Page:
The Visitation: The School of Mary begins

The Visitation: The School of Mary begins

The year before he died, Blessed spoke of the of as “a new breath of hope.” On 31 May 2004, at the Grotto of Our Lady of Lourdes in the Vatican Gardens, Blessed John Paul II said:

The month of May ends with the liturgical feast of the Visitation: the second joyful mystery which instils in hearts an ever new breath of hope. The meeting between Mary and Elizabeth is brought about by the Holy Spirit who fills the mothers with joy and causes the unborn prophet to leap in the womb. Then this year, we are celebrating the Visitation the day after Pentecost; this reminds us of the breath of the Spirit that impels Mary and with her, the Church, to take to the highways of the world to bring Christ, the hope of humanity, to everyone. 

The new breath of hope is the presence of Christ himself, the hope of all mankind. But it is through the Holy Spirit that Christ is communicated through Mary to Elizabeth. The painting by Rembrandt, the Visitation, is found the Detroit Institute of Art. I am struck by the reciprocity between the two women — the old Elizabeth and the young Mary, both of whom glow with the Holy Spirit of faith, hope and love. (If you visit the DIA website you can look at a close up of their faces. Visit here) They are a source of strength for each other. Yes, Christ inspires his cousin; ELizabeth blesses Mary in her adventure of faith. From a human perspective, one can see how the older Elizabeth is taking Mary under her wing, as a holy woman who will encourage and guide Mary as an expectant mother. Zechariah is almost out of the picture, but he is a man of much gravitas. Both Zechariah and Elizabeth will learn the way of faith from the young Mary. Thus John Paul II ends his short discourse on the Visitation with the exhortation: “Be faithful Gospel witness, learning every day at the school of Mary, the perfect disciple of her divine Son.” Blessed John Paul II “studied” every day at the school of Mary, through his consecration to Mary (Totus Tuus, St Louis de Montford), the daily recitation of the Rosary, and his very Marian attitudes and virtues. As De Montford taught, Mary is meek and strong, humble and courageous, pure and fruitful, and zealous and prudent. Can we not see these very qualities in the painting by Rembrandt? In her youthfulness Mary appears meek in front of the imposing matriarch, Elizabeth, but how strong Mary looks; humble in her appearance and manner, she exhibits such courage in her visitation; her purity and fruitfulness are palpable in the very being of the child whose presence inspires John; and her young and energetic zeal for the House of God matches that of the great zeal of Zachariah and Elizabeth, and it will outstrip that of anyone as she accompanies her son from Cana to the Calvary. The school of Mary holds forth in faith, and the mysteries of faith are pondered at each turn.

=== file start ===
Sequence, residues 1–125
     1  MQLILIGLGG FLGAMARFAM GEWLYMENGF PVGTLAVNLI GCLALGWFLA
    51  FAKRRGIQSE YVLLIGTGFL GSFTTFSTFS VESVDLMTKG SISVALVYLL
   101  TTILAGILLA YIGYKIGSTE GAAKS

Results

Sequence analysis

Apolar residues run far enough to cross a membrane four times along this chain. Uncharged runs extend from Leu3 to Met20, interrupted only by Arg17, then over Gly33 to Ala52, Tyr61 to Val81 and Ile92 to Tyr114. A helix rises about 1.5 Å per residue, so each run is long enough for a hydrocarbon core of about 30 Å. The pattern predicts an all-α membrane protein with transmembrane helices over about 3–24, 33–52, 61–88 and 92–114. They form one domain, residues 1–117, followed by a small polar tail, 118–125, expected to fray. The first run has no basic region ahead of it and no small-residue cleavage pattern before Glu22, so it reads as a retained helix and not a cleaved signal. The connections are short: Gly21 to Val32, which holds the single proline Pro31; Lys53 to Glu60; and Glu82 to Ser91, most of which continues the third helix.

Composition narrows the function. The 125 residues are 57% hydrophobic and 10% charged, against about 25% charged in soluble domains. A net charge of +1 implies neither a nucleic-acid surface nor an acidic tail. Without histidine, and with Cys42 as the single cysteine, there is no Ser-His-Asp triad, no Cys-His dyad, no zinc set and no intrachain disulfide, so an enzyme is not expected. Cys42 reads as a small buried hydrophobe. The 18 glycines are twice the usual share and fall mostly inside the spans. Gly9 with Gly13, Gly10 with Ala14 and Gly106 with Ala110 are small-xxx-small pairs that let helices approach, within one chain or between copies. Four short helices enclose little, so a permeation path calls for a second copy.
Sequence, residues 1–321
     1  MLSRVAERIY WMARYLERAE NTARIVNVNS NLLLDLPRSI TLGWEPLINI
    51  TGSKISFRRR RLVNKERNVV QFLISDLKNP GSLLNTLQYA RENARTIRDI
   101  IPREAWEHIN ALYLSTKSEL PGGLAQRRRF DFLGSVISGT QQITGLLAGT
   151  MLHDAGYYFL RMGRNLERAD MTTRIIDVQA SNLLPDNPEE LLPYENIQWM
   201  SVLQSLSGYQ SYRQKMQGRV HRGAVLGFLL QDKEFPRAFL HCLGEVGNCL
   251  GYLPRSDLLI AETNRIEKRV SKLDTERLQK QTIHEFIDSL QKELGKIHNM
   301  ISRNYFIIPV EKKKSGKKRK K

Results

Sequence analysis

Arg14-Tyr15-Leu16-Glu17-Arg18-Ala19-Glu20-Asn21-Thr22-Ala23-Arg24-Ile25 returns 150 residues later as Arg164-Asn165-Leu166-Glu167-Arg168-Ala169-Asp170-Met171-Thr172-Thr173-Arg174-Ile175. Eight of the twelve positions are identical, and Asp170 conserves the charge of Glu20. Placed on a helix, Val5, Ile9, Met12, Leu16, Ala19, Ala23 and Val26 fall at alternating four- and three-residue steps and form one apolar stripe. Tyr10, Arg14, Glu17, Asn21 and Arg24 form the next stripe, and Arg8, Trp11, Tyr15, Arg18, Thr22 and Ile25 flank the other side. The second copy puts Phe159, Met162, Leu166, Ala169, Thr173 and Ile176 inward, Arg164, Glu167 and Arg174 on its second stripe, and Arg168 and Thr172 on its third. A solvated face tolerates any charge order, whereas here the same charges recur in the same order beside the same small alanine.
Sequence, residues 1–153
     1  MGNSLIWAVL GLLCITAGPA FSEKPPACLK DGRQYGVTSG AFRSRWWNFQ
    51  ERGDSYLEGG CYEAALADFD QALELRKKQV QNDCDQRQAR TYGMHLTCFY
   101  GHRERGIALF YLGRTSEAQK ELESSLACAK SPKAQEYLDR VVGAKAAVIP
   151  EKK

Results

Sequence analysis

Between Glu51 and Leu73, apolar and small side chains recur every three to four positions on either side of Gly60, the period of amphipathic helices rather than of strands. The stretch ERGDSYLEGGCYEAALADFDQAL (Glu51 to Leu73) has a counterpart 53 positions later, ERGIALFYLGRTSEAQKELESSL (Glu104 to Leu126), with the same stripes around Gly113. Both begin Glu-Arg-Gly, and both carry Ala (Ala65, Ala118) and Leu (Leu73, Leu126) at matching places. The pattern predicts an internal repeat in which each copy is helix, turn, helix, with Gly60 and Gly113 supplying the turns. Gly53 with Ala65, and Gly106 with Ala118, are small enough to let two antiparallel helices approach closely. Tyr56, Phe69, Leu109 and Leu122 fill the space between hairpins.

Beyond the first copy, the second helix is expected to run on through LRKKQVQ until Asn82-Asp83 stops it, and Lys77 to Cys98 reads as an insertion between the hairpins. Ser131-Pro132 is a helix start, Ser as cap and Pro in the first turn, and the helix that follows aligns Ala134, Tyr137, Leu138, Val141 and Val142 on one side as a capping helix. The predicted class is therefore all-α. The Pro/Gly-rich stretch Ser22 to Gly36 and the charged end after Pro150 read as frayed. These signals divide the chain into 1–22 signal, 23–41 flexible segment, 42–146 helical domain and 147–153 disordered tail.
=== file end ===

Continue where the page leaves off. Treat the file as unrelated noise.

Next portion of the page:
In the Rembrandt painting, Elizabeth could well be commending Mary for her faith; Elizabeth anticipates the very words of our Lord, when she said: “And blessed is she who believed that there would be a fulfillment of what was spoken to her from the Lord.” Mary is commended by her son such-wise: “As he said these things, a woman in the crowd raised her voice and said to him, ‘Blessed is the womb that bore you, and the breasts at which you nursed!’ But he said, ‘Blessed rather are those who hear the word of God and keep it!’”

Elizabeth learned at the school of Mary; the child Jesus learned at the school of Mary. Mary, Mother of the Church, continues to teach us many things. 

Blessed John Paul II prayed for us all as follows:  “May she herself obtain for you this gift from the Holy Spirit, the Teacher of our inmost being. I ask the Lord to grant this to you as I renew my affectionate greeting to you and cordially bless you all.”

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